By Howard Pousner
There is a big carrot dangling in front of Georgia Shakespeare, and those attending a benefit performance on Dec. 15 will help the troupe get closer to it.
Launched last summer, the Viva Georgia Shakespeare Campaign set a goal of raising $1 million dollars by Jan. 31. The Harland Charitable Foundation issued a challenge grant to help make the goal more get-able: If Georgia Shakespeare can raise $950,000, the foundation will grant the final $50,000. With less than two months to go, the troupe has raised $750,000.
The Dec. 15 event, “A Georgia Shakespeare Christmas Story,” aims to up the holiday spirit along with the giving ante.
Doors open at 6 p.m., for pre-show games, sweets and prizes. The storytelling, including from “The Night Before Christmas,” “The Gift of the Magi” and “Hershel and the Hanukkah Goblins,” runs 7 to 9 p.m. Performers include Margaret Baldwin, Rob Cleveland, Daniel May, Allen O’Reilly and Mary Lynn Owens. A jolly visitor from points north is expected to slide by, as well.
Tax-deductible tickets ($35 adults, $15 children) are available via 404-504-1473, www.gashakespeare.org. 4484 Peachtree Road N.E., Atlanta.
Cobb Energy jazz program scores NEA grant
Like classical music, jazz music is often placed on the endangered art form list. Not enough young people are listening to it or playing it for the art form to thrive, or so the chatter goes.
The Cobb Energy Performing Arts Centre Foundation may have a role in changing that assumed outcome. The foundation recently received its first National Endowment for the Arts grant, a $10,000 Challenge America Fast-Track grant to be used for to support the foundation’s Jazz Roots series.
The fledgling series takes young music students behind the scenes of jazz concerts. Al Jarreau, Ramsey Lewis, Experanza Spalding, Terri Lyne Carrington and Dave Koz were part of the series this year, with Jarreau and Carrington teaching master classes for students.
The NEA will give $1.53 million in small Fast-Track grants to 153 organizations through fiscal year 2013. ROSALIND BENTLEY
Helping lawyers who help artists
A gala and silent auction Dec. 13 at the Terminal West music/special events venue at King Plow Arts Center will benefit Georgia Lawyers for the Arts, a nonprofit organization that provides legal assistance and educational programming to artists and arts organizations across the state.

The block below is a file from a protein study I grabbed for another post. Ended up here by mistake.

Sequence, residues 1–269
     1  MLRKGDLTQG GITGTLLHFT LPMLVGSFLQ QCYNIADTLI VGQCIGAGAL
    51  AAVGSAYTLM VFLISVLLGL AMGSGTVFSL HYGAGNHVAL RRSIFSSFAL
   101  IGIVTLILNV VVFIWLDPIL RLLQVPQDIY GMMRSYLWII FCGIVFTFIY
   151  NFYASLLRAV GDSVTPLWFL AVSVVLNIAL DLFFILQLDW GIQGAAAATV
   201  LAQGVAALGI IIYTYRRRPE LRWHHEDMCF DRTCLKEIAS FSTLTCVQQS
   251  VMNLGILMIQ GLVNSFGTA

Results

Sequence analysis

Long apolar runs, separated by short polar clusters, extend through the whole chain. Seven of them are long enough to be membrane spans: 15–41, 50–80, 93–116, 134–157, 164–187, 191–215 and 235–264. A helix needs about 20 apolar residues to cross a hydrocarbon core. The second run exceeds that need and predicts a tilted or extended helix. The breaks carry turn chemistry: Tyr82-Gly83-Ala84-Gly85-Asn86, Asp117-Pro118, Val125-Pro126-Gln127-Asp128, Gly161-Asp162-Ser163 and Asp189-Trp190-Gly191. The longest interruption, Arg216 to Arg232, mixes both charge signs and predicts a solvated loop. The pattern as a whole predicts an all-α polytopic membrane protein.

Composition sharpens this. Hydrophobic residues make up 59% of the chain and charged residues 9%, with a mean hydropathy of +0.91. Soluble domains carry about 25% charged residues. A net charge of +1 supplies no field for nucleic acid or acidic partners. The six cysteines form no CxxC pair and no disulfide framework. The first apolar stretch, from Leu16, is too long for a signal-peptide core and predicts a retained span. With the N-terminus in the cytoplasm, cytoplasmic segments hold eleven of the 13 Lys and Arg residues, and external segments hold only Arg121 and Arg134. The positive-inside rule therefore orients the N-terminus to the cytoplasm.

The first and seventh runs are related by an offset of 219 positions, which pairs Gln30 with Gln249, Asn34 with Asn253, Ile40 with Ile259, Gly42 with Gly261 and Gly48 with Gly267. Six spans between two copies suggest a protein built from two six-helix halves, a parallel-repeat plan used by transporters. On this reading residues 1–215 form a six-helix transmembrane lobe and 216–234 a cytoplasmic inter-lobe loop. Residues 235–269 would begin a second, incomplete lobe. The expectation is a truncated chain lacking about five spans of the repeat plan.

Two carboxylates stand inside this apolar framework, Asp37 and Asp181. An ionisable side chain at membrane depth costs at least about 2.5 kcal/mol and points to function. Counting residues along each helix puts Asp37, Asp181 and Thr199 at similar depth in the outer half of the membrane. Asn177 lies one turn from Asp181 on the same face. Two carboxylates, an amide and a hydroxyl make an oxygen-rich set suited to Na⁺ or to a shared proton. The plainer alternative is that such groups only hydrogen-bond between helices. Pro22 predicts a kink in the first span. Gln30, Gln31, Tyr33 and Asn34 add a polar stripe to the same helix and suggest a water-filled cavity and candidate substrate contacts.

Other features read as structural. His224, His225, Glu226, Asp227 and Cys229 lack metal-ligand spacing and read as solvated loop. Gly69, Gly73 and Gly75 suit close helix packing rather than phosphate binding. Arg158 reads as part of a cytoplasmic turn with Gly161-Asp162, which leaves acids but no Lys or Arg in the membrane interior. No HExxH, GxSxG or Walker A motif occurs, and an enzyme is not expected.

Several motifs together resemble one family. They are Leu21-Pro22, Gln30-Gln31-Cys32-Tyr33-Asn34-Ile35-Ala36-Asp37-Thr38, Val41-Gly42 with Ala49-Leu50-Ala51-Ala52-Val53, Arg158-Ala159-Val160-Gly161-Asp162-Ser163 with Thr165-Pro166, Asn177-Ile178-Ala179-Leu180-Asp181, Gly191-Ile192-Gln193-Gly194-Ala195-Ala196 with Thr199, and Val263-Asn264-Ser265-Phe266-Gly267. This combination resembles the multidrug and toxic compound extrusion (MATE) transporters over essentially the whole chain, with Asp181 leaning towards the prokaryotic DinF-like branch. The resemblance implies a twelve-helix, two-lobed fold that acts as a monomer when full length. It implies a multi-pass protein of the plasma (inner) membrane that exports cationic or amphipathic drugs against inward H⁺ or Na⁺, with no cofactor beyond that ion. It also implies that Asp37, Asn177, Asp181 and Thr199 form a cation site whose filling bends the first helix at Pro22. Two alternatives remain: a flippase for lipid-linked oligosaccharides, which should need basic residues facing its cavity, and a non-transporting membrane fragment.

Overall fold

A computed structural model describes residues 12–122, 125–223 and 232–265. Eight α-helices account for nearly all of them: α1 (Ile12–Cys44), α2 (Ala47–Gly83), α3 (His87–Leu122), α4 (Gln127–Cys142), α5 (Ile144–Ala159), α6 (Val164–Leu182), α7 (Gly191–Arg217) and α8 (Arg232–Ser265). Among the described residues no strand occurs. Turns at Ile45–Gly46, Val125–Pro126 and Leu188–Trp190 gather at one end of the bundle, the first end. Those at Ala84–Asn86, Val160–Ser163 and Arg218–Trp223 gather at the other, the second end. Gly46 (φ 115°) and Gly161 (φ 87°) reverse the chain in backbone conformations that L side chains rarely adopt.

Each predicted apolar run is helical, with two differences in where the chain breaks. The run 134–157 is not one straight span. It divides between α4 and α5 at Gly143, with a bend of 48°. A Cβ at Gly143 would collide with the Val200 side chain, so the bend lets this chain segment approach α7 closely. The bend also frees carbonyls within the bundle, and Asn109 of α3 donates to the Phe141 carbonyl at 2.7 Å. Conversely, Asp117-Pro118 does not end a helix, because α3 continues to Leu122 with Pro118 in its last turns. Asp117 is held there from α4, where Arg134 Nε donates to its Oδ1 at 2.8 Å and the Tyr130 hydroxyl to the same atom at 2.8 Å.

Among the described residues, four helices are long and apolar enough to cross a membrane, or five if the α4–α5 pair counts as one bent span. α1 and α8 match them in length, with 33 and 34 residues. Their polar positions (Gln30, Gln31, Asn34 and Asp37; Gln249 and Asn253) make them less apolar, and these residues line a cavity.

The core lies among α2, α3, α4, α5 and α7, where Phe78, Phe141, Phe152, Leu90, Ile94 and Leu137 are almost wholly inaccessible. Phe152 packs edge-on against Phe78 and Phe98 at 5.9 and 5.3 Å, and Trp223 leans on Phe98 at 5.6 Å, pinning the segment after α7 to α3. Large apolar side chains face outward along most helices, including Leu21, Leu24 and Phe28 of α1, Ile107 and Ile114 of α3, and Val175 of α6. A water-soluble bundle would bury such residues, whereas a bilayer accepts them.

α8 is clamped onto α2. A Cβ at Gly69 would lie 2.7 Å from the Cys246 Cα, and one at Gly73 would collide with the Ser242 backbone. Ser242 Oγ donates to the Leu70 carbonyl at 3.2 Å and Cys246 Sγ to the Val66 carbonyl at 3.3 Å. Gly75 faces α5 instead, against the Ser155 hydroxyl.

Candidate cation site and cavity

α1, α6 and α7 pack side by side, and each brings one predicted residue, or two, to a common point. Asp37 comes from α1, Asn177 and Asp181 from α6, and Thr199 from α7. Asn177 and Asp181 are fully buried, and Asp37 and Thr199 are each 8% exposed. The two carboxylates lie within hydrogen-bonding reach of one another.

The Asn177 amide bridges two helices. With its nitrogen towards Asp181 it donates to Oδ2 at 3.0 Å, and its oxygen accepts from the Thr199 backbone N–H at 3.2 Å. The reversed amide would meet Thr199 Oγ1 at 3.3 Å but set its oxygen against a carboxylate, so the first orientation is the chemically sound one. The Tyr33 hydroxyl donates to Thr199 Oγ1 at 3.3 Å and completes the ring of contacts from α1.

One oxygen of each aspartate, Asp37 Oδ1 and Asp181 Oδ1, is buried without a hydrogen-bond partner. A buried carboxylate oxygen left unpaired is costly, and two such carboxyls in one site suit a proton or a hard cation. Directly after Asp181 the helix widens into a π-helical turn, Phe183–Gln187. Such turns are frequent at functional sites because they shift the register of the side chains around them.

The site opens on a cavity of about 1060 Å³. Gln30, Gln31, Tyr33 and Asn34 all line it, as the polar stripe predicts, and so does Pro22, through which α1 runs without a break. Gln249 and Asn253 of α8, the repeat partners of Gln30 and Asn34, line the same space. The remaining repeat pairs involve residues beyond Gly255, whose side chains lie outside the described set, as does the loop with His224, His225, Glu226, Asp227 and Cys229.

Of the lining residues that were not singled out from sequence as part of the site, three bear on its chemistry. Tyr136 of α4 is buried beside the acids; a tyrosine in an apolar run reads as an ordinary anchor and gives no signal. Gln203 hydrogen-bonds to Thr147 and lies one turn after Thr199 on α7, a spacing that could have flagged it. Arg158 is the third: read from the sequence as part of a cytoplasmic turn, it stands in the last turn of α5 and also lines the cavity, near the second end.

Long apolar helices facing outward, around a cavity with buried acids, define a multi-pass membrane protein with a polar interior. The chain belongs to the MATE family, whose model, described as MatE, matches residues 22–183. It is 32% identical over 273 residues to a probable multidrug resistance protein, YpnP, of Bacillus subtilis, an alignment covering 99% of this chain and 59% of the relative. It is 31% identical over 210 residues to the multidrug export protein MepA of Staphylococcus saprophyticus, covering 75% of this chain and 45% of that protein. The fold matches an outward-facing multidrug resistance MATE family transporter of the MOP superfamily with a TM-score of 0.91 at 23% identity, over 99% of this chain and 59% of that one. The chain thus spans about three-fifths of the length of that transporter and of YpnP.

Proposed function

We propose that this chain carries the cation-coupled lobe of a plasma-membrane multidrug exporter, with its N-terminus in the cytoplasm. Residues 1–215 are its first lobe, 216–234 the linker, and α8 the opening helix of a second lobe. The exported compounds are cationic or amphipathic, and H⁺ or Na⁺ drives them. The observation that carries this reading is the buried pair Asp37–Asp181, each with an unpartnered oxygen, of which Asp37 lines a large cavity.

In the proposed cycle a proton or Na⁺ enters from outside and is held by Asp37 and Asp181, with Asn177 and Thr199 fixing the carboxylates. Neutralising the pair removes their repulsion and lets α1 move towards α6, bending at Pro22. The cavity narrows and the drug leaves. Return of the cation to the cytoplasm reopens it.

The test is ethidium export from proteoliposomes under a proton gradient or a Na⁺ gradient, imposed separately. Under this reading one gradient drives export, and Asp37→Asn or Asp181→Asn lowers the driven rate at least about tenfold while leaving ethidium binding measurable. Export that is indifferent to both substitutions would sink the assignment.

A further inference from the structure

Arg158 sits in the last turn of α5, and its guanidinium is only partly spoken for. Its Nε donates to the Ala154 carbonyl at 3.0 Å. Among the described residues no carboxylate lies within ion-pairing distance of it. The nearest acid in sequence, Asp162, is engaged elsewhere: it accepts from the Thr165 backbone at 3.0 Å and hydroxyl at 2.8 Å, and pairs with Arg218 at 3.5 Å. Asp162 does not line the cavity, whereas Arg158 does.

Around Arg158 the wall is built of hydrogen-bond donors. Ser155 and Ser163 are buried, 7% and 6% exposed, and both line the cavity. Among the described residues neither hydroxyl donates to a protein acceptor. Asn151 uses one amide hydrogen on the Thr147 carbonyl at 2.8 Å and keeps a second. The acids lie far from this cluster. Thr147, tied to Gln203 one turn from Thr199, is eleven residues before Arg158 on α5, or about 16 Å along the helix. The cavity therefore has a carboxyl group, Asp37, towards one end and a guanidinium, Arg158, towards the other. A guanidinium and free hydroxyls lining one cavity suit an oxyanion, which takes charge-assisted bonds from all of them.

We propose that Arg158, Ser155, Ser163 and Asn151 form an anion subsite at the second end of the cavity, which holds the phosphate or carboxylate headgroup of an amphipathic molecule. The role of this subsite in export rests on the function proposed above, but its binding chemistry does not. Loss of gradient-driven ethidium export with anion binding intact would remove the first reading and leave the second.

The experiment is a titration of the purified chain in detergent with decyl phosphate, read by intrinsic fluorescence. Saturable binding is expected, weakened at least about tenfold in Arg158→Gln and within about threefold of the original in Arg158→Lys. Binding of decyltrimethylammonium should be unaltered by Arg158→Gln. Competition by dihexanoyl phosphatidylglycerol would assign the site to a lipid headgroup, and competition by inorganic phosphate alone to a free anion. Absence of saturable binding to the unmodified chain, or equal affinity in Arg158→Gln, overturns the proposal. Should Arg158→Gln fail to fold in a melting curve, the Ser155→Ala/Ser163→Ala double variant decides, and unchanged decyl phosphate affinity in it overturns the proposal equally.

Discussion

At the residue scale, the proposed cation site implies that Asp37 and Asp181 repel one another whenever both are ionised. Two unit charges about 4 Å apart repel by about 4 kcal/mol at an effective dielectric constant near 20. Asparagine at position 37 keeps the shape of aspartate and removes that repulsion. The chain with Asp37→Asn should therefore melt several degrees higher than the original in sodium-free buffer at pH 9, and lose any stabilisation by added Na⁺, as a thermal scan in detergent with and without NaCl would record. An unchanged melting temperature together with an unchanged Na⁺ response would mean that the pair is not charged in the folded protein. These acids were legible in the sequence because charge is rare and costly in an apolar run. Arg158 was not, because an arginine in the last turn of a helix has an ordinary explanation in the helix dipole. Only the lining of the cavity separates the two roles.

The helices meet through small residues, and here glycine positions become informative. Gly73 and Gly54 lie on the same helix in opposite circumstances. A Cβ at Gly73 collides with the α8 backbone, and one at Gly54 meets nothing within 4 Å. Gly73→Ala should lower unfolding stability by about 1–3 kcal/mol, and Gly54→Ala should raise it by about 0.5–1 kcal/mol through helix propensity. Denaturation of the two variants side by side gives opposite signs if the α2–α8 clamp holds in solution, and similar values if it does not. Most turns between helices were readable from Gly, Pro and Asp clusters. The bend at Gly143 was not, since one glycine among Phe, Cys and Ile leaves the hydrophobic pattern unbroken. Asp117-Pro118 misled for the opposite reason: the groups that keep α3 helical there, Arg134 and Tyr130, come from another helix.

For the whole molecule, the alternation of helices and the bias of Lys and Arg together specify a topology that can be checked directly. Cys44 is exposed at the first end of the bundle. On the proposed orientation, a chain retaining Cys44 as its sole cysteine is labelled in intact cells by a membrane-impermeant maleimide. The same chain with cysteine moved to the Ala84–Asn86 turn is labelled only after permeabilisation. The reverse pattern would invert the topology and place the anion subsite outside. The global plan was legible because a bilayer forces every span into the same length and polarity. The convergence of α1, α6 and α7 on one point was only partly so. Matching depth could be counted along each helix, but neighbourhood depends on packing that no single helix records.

The auction will feature works by prominent local artists as well as donations from local organizations, including a cabin on Sixthman’s Rock Boat music festival cruise sailing out of Miami on Feb. 24.
The 6:30 to 10 p.m. gala is sponsored by law firms including Kilpatrick Townsend, King & Spalding, Greenberg Traurig, Alston & Bird.
Last year, Georgia Lawyers for the Arts conducted more than 60 educational programs and provided more than $1 million in free legal services. At its King Plow offices, the group also maintains an extensive resource library that contains sample contracts, copyright information and more than 250 volumes accessible to artists, arts agencies, museums, galleries, attorneys and the public.
Gala tickets, $100, via 404-873-3911, www.glarts.org. Terminal West is at 887 W. Marietta St. N.W., Studio C, Atlanta.
New leader for regional arts agency
Suzette (Susie) Surkamer is the new executive director of the Atlanta-based regional arts nonporfit South Arts.
Surkamer began working with the South Carolina Arts Commission as dancer-in-residence in 1974, rising to its executive director in 1994. Under her direction, the agency made strides in arts education reform, rural arts development, design arts and other initiatives. In 2008, the National Assembly of State Arts Agencies recognized her with the Gary Young Award, its highest honor for individual achievement.